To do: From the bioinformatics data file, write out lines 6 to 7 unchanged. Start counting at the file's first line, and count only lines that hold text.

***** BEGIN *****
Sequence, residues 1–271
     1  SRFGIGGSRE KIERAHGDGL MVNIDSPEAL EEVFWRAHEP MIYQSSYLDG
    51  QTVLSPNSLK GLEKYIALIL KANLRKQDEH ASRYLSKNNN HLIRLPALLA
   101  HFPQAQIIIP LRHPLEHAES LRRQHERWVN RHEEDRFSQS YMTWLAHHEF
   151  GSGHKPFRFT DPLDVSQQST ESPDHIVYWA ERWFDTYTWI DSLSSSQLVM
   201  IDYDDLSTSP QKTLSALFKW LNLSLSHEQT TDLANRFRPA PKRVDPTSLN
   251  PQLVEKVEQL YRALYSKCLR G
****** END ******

   201  IDYDDLSTSP QKTLSALFKW LNLSLSHEQT TDLANRFRPA PKRVDPTSLN
   251  PQLVEKVEQL YRALYSKCLR G